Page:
Discover Charleston

What’s in Bloom: Charleston, SC Flowers Come to Life in These 5 Fragrant Spots

A city in full bloom, Charleston, SC dresses up its gardens for visitors and locals alike.

Beginning in late February, then throughout March and into early April, as the flowers bloom, Charleston, SC becomes a palette of colors. Camellias boast red, white, and pink hues; vines of the wisteria weave their purple around buildings, gates. Tulip trees, a member of the magnolia family, pop in pink.

Here are five of our favorite places to see the Charleston, SC area in bloom:

1) From March 27 to 29, get a good peek at the peak blooms of azaleas, wisteria, and white dogwood at the Flowertown Festival in Summerville, long hailed as one of the top festivals in the Southeast and staged at the aptly named Azalea Park. Besides smelling the flowers: See the work of 200-plus artists; enjoy the appetizers, main courses, and desserts at the Taste of Summerville; and get the young ones involved at kids and chalk fests and a Children's Jubilee with rides. Admission to the festival is free. 843.871.9622

Azalea Park, Summerville, SC
Azalea Park is a popular place when the Flowertown Festival hits Summerville. (Courtesy Summerville YMCA)

2) See distinctive Holy City gardens, and architecture, history and culture, during the 68th annual Festival of Houses and Gardens, March 19 through April 19. Some of the private houses and gardens date to the 18th century and the festival sponsored by the Historic Charleston Foundation affords a rare chance to see them. Particularly alluring for flower lovers should be the blooms on the Glorious Gardens tours that are but a part of the event; they're offered on March 19 and 26 and April 9 and 16. Eight to 10 private gardens are featured In Glorious Gardens; wine and tea receptions at the Nathaniel Russell House Museum also are a part of the tours. Tickets are $50. 843.722.3405

3) At 11 am each Tue, Thu, and Sat, from Feb. 10 to March 21, stroll along during the Middleton Place's Camellia Walks. Free with the cost of general admission (though it requires advance registration), the walks focus on camellias throughout the original gardens, plus a "newer" garden of the 1950s. Middleton's hundreds of bloom varieties include the 1786 Reine des Fleurs, one of the first camellias planted in America. Tours begin at the Garden Market & Nursery and last about 90 minutes. 843.556.6020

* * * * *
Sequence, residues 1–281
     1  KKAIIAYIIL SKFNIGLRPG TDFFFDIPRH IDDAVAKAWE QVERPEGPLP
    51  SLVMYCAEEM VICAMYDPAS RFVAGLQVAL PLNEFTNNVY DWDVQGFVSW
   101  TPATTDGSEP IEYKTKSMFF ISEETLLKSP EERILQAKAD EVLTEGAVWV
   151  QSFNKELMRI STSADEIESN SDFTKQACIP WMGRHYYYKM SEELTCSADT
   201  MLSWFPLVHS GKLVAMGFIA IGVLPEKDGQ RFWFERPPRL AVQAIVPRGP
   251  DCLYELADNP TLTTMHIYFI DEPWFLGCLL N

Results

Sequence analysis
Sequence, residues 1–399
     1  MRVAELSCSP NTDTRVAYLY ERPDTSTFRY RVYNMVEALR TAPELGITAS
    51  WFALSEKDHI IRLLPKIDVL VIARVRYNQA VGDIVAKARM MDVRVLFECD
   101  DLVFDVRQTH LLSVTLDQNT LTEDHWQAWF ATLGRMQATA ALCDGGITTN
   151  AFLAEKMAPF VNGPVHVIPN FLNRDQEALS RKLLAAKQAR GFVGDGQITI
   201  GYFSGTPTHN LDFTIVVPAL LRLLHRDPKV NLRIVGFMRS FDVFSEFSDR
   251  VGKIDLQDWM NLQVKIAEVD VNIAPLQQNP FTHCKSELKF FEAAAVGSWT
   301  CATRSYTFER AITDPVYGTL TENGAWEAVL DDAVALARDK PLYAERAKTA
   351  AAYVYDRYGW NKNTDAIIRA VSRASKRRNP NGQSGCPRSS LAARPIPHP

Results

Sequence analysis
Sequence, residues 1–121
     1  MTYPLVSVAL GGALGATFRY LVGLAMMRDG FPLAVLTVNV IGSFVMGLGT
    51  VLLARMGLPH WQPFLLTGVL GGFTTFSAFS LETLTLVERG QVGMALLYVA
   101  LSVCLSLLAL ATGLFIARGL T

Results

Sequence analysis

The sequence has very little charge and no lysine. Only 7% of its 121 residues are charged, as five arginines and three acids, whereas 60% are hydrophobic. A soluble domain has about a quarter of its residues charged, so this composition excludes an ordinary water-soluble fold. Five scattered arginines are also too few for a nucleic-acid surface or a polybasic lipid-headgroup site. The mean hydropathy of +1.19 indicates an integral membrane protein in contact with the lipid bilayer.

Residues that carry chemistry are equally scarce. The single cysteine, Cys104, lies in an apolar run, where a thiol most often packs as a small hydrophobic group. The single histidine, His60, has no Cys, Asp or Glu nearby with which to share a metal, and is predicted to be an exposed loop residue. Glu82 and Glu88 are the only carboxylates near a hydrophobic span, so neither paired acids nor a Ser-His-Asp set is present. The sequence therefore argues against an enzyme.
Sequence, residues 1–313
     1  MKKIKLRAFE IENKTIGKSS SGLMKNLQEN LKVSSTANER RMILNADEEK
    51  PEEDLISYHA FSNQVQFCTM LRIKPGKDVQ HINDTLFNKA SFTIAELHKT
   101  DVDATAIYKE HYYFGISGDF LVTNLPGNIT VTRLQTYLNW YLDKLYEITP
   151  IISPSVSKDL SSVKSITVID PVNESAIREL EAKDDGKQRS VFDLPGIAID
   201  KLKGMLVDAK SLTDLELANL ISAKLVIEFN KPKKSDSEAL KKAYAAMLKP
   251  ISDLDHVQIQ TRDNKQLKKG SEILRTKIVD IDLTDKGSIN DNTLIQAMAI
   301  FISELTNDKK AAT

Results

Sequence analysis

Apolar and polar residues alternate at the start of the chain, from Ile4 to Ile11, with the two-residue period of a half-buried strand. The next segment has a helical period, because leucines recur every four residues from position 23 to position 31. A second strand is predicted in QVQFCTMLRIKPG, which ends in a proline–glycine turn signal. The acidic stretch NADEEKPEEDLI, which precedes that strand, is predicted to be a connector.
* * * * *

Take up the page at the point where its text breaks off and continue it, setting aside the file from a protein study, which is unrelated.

4) From November to mid-March, Magnolia Plantation’s camellia walks of its gardens, where 20,000 camellias are on display, are offered daily. The Japonica variety of camellia bloom—of which there are over 1,000 cultivars at Magnolia, more than any garden in America—are profuse from mid-January to mid-March. Ancient Camellias (pre-1900) are a specialty at Magnolia, too; it has organized and implemented a worldwide search for that variety, which is in threat of extinction. Magnolia's walks at 11 am Mon-Sat and 1:30 pm Sun also is a part of general admission, with reservation required. 843.571.1266

5) On Saturday, April 4, gather in Marion Square and downtown Charleston, SC where you're likely to see just as many flowers atop the heads of ladies as adorn the square and streets. The Charleston Hat Ladies will march in their annual Easter Promenade, which forms in Marion Square from 10:30 to 11:30 am and then strolls in small groups down Meeting, King, and Market streets from 11:30 to 12:30. Not all hats will bear flowers; some are unique because of their size and shape. But like flowers, the event's a must-see in spring.

Charleston Easter Promenade
Men and children are welcome to join the Hat Ladies' Ester Promenade, too. (Courtesy Charleston Hat Ladies)

Please be sure to contact each establishment to verify opening hours, reservation policies, health requirements, and any other variations as the month’s progress.